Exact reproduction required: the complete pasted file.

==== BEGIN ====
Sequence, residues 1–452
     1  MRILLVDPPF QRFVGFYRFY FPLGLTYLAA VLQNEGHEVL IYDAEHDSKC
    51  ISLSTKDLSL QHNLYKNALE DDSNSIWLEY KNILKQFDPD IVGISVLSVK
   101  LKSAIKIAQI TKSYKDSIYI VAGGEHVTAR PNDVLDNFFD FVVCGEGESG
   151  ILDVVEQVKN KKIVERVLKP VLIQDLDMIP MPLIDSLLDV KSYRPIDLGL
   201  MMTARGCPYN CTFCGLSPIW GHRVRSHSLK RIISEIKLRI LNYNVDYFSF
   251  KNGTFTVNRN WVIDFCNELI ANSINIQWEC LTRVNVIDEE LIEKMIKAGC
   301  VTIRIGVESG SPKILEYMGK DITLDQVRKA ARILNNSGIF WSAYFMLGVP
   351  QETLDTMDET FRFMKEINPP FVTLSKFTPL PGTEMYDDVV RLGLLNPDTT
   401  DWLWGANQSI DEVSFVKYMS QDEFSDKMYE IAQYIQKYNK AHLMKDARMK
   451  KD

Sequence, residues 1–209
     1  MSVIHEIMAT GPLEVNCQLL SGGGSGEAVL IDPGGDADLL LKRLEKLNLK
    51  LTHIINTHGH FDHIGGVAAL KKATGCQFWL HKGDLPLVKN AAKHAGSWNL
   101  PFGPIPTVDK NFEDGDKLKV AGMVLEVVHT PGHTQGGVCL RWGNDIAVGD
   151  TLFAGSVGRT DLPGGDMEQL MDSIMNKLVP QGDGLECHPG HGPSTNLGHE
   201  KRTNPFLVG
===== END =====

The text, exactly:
Sequence, residues 1–452
     1  MRILLVDPPF QRFVGFYRFY FPLGLTYLAA VLQNEGHEVL IYDAEHDSKC
    51  ISLSTKDLSL QHNLYKNALE DDSNSIWLEY KNILKQFDPD IVGISVLSVK
   101  LKSAIKIAQI TKSYKDSIYI VAGGEHVTAR PNDVLDNFFD FVVCGEGESG
   151  ILDVVEQVKN KKIVERVLKP VLIQDLDMIP MPLIDSLLDV KSYRPIDLGL
   201  MMTARGCPYN CTFCGLSPIW GHRVRSHSLK RIISEIKLRI LNYNVDYFSF
   251  KNGTFTVNRN WVIDFCNELI ANSINIQWEC LTRVNVIDEE LIEKMIKAGC
   301  VTIRIGVESG SPKILEYMGK DITLDQVRKA ARILNNSGIF WSAYFMLGVP
   351  QETLDTMDET FRFMKEINPP FVTLSKFTPL PGTEMYDDVV RLGLLNPDTT
   401  DWLWGANQSI DEVSFVKYMS QDEFSDKMYE IAQYIQKYNK AHLMKDARMK
   451  KD

Sequence, residues 1–209
     1  MSVIHEIMAT GPLEVNCQLL SGGGSGEAVL IDPGGDADLL LKRLEKLNLK
    51  LTHIINTHGH FDHIGGVAAL KKATGCQFWL HKGDLPLVKN AAKHAGSWNL
   101  PFGPIPTVDK NFEDGDKLKV AGMVLEVVHT PGHTQGGVCL RWGNDIAVGD
   151  TLFAGSVGRT DLPGGDMEQL MDSIMNKLVP QGDGLECHPG HGPSTNLGHE
   201  KRTNPFLVG